High inflation in Germany intensified in October, driven by continued increases in oil and gas and a global contraction in supplies.
Consumer prices rose 4.6% from a year earlier, more than economists had expected. The statistics office said in a statement Thursday that energy is more expensive by 18.6 percent.
The data arrived within minutes of European Central Bank She announced that she would keep monetary policy on hold for now, suggesting that President Christine Lagarde will reiterate her view that the rebound is largely temporary.
Central banks elsewhere, such as New Zealand and the United Kingdom, have begun raising interest rates or signaling plans to do so. European Central Bank policy makers have announced a revision of their instruments for the month of December, and while some upward revisions to inflation expectations are expected, they are unlikely to be strong enough in the medium term to justify the sudden change in attitude and direction.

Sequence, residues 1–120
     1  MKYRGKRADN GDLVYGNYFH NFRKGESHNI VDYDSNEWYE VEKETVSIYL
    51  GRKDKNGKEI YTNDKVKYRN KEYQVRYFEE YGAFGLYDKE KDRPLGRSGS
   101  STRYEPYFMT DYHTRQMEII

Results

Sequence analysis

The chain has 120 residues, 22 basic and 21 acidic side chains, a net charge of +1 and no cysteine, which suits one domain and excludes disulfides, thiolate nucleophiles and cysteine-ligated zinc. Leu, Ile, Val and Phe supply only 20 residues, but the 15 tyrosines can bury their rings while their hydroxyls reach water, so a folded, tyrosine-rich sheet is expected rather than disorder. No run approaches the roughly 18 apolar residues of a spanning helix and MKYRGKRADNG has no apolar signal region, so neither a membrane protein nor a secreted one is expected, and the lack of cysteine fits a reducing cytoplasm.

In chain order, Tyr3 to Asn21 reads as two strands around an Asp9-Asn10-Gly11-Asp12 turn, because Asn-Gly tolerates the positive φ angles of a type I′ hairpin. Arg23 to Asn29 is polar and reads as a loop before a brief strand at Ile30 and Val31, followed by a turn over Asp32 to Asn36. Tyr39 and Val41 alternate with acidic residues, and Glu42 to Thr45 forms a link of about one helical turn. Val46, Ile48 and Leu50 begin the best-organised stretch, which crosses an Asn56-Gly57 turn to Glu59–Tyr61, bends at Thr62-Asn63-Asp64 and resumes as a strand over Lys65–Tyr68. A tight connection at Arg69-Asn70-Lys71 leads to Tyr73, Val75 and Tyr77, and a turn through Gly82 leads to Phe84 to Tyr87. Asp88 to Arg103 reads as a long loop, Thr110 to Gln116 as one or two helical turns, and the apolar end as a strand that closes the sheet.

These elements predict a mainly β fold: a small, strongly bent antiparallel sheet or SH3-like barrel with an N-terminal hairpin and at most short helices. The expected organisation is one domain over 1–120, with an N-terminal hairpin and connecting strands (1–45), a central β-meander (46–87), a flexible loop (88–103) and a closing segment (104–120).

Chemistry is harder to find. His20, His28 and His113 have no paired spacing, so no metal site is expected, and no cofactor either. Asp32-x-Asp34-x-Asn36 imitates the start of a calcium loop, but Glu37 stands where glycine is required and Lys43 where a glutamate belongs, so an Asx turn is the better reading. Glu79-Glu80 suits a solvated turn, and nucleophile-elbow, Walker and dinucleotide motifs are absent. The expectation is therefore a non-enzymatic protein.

The Bundesbank said in its latest monthly report that price growth in Germany, already at the fastest pace in nearly three decades, could accelerate further in the coming months before slowing next year.
Spain reported a spike in inflation to 5.5% earlier on Thursday. On Friday, Eurostat is scheduled to release an index for the 19-nation eurozone.
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